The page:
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Discussion Starter #1
HI,

Well basically i crashed my motorcycle by looping it over. I spent about two weeks getting all the parts needed to make it run(generator cover, gear set, etc..) But after i got it to run i noticed a wobble in ther front wheel, so i took my bike to a mechanic and he told me it was the wheel, so i had that straigthened. After it was straightened the front wheel had no woble when riding or when stoping. But it will not hold a straight line when i let my hands off the bars. And it leans automatically to the right.

My mechanic told me it is probably the triple clamp(s).

But this Rim and Frame straightener guy told me its the frame for sure.

if its the triple clamp it will cost about a $100.00 and if its the frame it will cost around $500.00. So how do i know?

please help,

Tony
 

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Considering you looped it my guess would be that it is the frontend out of whack. Try loosening the pinch bolts, forks, etc. and retighten everything and try it again. Look over the forks very carefully to make certain they aren't bent. It is sometimes very hard to tell with the bodywork on though. If you impacted the front hard enough to bend a wheel then it is likely the forks and/or the triple clamp are bent. Standard forks are not that tough to bend. They would likely bend before the frame did.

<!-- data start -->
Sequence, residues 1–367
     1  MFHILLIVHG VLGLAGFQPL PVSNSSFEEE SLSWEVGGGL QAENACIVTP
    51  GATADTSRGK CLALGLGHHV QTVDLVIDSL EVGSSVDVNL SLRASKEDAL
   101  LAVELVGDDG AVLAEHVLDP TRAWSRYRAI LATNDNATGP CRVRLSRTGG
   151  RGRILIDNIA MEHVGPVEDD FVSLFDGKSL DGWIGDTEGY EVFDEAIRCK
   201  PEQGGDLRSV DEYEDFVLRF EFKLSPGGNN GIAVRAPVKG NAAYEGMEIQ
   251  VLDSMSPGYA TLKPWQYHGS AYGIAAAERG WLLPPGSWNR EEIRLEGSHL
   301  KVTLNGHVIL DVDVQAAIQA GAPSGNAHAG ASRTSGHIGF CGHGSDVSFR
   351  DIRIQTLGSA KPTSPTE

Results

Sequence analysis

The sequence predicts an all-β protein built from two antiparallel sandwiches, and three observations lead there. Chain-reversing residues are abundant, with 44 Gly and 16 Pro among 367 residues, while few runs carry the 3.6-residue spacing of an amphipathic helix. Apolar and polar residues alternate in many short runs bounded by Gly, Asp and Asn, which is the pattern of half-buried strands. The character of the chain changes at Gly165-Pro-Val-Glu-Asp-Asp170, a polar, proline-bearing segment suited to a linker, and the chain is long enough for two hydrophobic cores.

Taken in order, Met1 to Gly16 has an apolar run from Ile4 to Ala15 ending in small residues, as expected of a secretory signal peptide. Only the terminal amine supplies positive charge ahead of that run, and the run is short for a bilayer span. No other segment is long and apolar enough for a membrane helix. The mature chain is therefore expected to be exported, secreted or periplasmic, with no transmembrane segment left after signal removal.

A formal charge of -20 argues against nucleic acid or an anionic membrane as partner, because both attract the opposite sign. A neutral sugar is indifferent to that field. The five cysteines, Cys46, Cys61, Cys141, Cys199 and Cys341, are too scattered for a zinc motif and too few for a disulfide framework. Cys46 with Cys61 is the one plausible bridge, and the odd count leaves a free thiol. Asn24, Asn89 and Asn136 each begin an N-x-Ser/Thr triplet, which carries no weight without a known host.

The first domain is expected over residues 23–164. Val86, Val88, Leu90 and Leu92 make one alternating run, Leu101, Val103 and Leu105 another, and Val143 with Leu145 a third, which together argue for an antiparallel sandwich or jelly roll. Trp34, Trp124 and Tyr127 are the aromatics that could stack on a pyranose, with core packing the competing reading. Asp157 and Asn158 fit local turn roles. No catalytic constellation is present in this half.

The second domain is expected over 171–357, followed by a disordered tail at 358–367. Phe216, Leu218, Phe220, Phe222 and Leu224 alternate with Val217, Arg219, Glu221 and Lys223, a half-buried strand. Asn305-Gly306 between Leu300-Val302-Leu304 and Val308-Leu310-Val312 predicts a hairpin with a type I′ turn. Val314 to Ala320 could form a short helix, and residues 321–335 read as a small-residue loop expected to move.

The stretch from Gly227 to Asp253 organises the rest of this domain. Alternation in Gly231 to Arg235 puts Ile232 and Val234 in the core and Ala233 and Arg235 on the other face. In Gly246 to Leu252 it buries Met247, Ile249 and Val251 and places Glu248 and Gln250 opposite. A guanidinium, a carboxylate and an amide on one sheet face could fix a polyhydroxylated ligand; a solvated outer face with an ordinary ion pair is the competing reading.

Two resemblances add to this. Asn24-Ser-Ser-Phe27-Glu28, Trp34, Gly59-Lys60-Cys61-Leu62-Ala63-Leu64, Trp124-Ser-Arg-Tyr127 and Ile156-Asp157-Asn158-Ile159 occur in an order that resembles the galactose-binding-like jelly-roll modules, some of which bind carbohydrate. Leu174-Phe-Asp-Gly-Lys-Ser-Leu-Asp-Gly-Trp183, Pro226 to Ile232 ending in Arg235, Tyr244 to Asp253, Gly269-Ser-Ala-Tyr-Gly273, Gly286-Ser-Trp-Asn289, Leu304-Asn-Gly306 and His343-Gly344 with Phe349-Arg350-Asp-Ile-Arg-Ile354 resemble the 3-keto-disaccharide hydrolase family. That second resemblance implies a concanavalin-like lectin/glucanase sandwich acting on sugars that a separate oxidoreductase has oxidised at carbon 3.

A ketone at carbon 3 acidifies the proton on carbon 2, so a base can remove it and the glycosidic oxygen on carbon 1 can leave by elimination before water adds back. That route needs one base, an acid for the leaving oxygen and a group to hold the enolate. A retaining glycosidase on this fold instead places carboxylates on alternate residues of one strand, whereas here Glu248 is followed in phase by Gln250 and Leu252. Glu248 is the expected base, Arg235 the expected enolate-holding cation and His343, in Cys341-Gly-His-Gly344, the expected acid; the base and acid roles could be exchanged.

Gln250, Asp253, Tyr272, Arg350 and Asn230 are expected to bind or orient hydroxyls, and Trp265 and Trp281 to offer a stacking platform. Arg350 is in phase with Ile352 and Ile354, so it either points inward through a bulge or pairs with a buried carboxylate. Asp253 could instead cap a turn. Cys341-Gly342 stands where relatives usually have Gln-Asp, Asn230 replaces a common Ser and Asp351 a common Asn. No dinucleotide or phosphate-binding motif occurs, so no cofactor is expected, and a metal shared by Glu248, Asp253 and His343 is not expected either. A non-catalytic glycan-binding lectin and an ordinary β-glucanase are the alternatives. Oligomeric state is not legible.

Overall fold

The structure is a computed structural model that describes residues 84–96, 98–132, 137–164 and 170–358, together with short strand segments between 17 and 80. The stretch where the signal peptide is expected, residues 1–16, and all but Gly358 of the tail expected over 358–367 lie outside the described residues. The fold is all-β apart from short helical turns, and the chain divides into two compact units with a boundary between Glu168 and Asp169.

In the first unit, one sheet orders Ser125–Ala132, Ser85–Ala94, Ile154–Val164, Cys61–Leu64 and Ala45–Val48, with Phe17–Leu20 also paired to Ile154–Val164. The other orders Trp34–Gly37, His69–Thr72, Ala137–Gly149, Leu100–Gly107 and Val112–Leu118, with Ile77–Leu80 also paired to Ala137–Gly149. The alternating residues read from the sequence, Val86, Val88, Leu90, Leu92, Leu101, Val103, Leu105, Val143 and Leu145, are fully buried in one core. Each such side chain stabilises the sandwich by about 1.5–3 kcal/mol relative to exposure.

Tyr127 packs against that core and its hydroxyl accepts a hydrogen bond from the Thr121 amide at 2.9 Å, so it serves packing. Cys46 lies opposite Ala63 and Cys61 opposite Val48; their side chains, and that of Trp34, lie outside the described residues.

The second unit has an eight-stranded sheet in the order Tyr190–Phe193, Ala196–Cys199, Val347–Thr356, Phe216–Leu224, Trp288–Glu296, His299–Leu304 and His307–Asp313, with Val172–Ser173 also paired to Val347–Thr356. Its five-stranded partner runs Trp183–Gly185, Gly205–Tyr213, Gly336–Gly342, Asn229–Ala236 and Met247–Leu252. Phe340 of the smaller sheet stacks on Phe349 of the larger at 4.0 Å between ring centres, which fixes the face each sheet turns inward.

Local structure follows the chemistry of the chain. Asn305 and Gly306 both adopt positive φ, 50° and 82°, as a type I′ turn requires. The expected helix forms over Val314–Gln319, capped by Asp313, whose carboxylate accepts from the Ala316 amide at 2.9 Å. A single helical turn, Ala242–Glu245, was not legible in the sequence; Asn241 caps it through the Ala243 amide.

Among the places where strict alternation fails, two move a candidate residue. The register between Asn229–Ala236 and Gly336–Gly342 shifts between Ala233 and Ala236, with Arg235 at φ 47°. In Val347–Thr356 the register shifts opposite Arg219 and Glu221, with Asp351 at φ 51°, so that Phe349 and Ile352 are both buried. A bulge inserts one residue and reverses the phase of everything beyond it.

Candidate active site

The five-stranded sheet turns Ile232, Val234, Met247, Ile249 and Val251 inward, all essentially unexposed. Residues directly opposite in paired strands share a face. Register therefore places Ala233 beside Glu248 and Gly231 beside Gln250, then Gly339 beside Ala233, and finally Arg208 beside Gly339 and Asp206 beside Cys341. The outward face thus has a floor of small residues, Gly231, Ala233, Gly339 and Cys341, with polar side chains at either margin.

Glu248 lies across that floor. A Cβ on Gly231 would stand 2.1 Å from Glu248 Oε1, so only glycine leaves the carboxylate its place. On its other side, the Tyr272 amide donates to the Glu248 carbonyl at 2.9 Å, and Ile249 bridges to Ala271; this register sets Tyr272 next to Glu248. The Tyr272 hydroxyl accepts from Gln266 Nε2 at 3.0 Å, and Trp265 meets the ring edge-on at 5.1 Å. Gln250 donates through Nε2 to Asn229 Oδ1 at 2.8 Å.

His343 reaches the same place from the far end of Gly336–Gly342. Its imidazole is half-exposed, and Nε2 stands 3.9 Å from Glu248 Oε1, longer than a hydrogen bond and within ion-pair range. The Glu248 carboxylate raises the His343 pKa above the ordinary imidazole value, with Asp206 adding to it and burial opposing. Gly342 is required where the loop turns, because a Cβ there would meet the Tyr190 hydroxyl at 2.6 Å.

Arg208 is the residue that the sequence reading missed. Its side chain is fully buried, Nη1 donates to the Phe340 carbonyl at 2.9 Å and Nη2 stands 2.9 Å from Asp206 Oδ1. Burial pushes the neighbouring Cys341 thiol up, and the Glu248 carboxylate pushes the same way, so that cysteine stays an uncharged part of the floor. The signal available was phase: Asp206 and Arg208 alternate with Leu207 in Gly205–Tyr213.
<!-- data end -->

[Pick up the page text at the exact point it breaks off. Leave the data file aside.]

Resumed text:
I doubt that the frame is bent. It would be tough to bend the frame just by looping the bike over unless it slammed into somehting other than just the ground. It makes sense that a frame guy told you the frame was bent... it is what he does to make money.
 

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If your somewhat handy, I would recommend you pull the fork tubes, and take them to a frame straightener so he can check them. If you were in arizona, I'd tell you exactly who to go to. When I crashed last year, My bike did the exact same thing. My inner fork tubes were bent. If you bike is upside down forks like mine (I forget now what you ride) then its easy to see if the frame is bent or not just by looking at the forks (when I say looking I mean with a bench clamp and a dialmeter for runout). On my forks the inner tubes were bent, but not the outer tubes. The outer tubes will bend long before the triple clamps, which will bend long before the frame. You can save yourself some money by working your way up. If your inner fork tubes are bent, but not the outers, then thats it. If the outers are bent, check the triples, if the triples are bent, check the frame, if the frame is bent, get it straightened. Good luck!!